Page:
It’s been awhile since I’ve done a post on colloquialisms. So here’s a new one! We’re going to take a further look into the pronoun ‘moi’ in this post.
In colloquial French, the pronoun moi is often used to add emphasis to a command or an imperative only when the statement involves the senses or personal perception. It’s used in the same way as “just” is used in English to add emphasis to the verb it modifies.
- Regarde ça ! – Look at that!
- Regarde-moi, ça ! – Just look at that!
- Goûte ça ! – Taste that!
- Goûte-moi ça ! – Just taste that!
In colloquial French, personal pronouns – moi, toi, lui, elle, nous, vous, eux, and elles, are used to emphasize the object of a statement and emphasize possession.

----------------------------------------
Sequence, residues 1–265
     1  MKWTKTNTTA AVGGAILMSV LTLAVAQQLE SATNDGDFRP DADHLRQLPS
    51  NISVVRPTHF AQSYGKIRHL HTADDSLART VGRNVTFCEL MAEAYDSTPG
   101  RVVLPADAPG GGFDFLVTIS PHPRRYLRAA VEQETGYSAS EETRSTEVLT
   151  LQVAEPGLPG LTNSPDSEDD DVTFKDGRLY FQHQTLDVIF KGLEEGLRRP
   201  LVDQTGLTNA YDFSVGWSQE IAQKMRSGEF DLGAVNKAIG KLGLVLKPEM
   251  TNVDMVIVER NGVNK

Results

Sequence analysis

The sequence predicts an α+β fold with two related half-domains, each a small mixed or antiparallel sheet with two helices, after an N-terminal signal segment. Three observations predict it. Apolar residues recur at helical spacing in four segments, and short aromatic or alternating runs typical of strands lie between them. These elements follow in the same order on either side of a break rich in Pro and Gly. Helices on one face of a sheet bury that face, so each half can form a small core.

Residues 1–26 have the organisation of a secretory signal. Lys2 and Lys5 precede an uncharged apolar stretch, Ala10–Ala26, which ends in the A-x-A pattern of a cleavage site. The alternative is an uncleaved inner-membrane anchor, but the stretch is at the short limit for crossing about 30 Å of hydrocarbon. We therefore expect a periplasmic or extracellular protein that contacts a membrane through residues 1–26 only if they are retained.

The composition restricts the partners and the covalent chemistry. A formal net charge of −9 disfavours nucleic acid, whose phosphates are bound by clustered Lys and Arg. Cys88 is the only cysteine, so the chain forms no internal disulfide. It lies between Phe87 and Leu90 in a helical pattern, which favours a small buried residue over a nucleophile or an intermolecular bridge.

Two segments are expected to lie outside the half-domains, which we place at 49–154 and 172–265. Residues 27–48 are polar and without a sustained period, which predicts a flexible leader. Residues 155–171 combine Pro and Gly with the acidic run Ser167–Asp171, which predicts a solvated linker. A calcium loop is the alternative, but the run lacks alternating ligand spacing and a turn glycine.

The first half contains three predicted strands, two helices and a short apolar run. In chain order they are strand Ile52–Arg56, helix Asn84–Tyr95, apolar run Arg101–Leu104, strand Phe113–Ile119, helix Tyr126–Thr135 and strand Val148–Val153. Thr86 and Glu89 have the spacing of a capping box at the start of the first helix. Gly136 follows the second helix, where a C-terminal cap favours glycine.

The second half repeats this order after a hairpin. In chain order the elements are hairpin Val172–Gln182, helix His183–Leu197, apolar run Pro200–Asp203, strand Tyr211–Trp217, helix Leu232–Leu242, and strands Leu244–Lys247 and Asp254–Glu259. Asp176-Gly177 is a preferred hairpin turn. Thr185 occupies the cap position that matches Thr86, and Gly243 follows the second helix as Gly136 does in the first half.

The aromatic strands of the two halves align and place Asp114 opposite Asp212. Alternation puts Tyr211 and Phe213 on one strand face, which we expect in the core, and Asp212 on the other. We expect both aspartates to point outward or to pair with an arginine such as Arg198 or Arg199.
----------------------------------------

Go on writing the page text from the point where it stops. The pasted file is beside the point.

The object may be emphasized by repeating it at the end of the statement in the form of an objective personal pronoun.
- Je peux pas le parler, lui! – I can’t talk to him, that guy!
- Je te vois, toi! – I see you, you know!
- Vous m’énervez, vous! – You’re getting on my nerves, you!
Possessive adjectives are used to indicate possession.
- C’est ma mobile. – It’s my mobile/cellphone.
- C’est son livre. – It’s his book.
- C’est notre voiture. – It’s our car.
Have a great week, everyone! Leave any recommendations or requests in the comments. I’ll be happy to fulfill them.
À bientôt !